Richard Leach Maddox

by catcher Tuesday, June 5, 2012 10:34 PM

'The Medical Man'

Born: 4th August [or 4th May] 1816, Bath, Somerset, England
Died: 11th May 1902, Portswood, near Southampton, Hampshire, England

In 1871, Richard Leach Maddox first published the use of Gelatino-Bromide to the create Dry Photographic Plates. It was this process which began the next revolution in Astrophotography. Its increased sensitivity over that of the Collodion process meant that images of Deep Space Objects (DSOs) could be obtained for the very first time, by pioneers such as Henry Draper, Isaac Roberts, William Edward Wilson, James Edward Keeler and others. It was later found out that many of these objects lie at distances millions of light years beyond the boundaries of our own insignificant ‘Milky Way’ star system.

During the whole history of Astrophotography, only three chemically based photographic processes have ever been used to any degree – the Daguerreotype, the Wet Collodion and the Gelatino-Bromide. Each in turn has spurred the development of astronomical photography forward and enabled astronomers to image fainter and more distant objects in space. Of the three the Gelatino-Bromide process was by far the most important of them all. Only the invention in 1969 of the CCD (Charge Coupled Device) had a greater impact on the use of photography for astronomical research.

On the 30th of September 1880 the New York Doctor, Henry Draper using a Gelatino-Bromide ‘Dry Plate’ imaged the ‘Great Orion Nebula’ (M42). This was the first photograph of any Deep Space Object (DSO) ever taken. It marked one of the great milestones in Astrophotography.

The earliest published account of the use of gelatine and silver bromide in photography was a paper published in the 8th September 1871 Issue of the British Journal of Photography, by Dr. Richard Leach Maddox (1816-1902), the son of a Tea Dealer from Bath, Somerset, England.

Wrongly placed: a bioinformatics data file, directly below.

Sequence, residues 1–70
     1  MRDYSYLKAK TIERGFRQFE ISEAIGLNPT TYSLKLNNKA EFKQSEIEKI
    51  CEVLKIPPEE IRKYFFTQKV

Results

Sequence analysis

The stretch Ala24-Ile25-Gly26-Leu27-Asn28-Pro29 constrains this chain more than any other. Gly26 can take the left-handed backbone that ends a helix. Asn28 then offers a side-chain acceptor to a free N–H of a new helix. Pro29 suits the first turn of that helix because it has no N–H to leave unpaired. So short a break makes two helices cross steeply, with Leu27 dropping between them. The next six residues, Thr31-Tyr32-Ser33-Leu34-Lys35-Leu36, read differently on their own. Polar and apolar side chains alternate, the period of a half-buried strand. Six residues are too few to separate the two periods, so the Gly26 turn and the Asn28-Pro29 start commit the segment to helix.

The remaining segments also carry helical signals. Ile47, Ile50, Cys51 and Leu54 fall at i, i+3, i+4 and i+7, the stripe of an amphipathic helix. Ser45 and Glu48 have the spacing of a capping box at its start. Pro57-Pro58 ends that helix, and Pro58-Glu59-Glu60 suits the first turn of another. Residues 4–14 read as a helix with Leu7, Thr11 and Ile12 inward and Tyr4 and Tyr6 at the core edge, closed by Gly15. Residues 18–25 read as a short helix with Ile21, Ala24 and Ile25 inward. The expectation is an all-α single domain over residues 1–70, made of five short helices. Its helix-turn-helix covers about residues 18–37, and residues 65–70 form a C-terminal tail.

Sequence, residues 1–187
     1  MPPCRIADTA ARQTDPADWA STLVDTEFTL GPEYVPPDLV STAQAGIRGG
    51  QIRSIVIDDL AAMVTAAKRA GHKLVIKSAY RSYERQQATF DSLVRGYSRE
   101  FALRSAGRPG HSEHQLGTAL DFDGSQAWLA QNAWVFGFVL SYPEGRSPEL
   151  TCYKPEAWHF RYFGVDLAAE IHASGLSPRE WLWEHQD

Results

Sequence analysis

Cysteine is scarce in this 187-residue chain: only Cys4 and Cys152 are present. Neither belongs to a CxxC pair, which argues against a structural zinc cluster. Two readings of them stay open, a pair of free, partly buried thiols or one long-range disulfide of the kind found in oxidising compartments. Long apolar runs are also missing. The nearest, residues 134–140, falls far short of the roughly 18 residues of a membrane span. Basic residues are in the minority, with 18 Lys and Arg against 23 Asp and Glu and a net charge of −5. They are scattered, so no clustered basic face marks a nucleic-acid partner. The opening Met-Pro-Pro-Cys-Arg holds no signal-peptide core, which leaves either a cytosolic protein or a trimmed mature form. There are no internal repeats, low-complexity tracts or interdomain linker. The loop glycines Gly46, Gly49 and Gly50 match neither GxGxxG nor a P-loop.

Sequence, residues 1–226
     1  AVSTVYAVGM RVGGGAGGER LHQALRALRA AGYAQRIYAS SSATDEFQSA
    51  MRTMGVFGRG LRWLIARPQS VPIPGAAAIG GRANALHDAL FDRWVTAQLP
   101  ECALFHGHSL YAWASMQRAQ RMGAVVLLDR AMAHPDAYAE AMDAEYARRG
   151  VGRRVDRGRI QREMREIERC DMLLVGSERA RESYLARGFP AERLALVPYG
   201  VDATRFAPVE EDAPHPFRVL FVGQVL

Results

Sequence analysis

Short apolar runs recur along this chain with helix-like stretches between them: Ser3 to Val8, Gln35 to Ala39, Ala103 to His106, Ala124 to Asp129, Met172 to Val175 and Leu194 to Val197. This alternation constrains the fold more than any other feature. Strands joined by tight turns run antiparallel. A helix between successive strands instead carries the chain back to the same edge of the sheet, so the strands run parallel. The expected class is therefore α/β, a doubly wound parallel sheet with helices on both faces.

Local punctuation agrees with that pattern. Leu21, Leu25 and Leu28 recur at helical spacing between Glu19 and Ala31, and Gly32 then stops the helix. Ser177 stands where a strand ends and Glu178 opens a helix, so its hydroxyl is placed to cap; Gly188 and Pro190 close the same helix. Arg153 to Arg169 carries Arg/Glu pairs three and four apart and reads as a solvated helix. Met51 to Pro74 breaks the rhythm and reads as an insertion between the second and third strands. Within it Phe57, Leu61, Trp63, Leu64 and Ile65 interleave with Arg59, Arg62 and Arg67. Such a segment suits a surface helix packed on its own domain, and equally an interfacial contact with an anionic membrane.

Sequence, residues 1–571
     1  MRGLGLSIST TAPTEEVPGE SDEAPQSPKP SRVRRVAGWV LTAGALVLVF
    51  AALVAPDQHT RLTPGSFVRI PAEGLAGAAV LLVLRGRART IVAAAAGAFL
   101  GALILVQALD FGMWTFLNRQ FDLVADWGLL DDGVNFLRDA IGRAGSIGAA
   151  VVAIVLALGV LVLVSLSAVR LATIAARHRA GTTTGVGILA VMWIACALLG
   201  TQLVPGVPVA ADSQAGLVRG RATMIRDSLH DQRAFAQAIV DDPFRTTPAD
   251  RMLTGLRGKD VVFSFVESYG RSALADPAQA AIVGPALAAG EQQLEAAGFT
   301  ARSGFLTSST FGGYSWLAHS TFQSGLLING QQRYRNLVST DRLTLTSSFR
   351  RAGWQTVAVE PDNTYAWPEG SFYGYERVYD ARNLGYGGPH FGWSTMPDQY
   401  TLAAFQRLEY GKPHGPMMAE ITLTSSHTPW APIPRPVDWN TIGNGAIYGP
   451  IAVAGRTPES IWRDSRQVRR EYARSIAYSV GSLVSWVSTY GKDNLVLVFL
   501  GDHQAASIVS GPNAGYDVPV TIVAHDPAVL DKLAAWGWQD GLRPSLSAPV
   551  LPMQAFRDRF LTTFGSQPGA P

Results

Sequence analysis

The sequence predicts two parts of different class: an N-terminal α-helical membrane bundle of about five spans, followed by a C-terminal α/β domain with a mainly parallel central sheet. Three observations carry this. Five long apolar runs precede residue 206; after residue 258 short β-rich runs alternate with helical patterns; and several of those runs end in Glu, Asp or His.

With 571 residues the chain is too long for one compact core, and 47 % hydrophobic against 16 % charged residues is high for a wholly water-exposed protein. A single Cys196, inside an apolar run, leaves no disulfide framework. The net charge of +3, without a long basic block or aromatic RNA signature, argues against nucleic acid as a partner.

He later wrote modestly of his invention in a letter to the photographer William Jerome Harrison (1845-1908):

"…The world has been benefited, and I have been honoured with a gold medal and diploma by the Jurors’ Committee of the Inventions Exhibition. Do not for one moment suppose I ignore the work of other hands perfecting the gelatino-bromide process, and thus giving it its worldwide value in all departments of photography, especially that far reaching one of its adaptation to astronomical research. I am only too thankful to feel that I have been merely the stepping-stone upon which others have safely put their feet…"

Do not be fooled by this modesty, we as Astrophotographers owe much to Richard Leach Maddox, of whom remarkably little is known. Let us now tell his story and that of the Gelatino-Bromide process.

To read more on his life and work read the eBook chapter on Richard Leach Maddox or buy the Book 'Catchers of the Light'.

'Dry' Plate Photograph of the Spiral Galaxy M81 in Ursa Major, James E. Keeler, 1898

Buy the eBook or Printed Book at the 'Catchers of the Light' shop.


Pioneers of Astrophotography

Comments are closed
Filter by APML

Stefan Hughes began his career as a professional astronomer, gaining a 1st Class Honours degree in Astronomy from the University of Leicester in 1974 and his PhD four years later on the 'Resonance Orbits of Artificial Satellites due to Lunisolar Perturbations', which was published as a series of papers in the Proceedings of the Royal Society of London. After graduating he became a Research fellow in Astronomy, followed by a spell as a lecturer in Applied Mathematics at Queen Mary College, London. Then came a ten year long career as an IT Consultant. In 'mid life' he spent several years retraining as a Genealogist, Record Agent and Architectural Historian, which he practiced for a number of years before moving to the Mediterranean island of Cyprus, where for the past ten years he has been imaging the heavens, as well as researching and writing the 'Catchers of the Light' - A History of Astrophotography.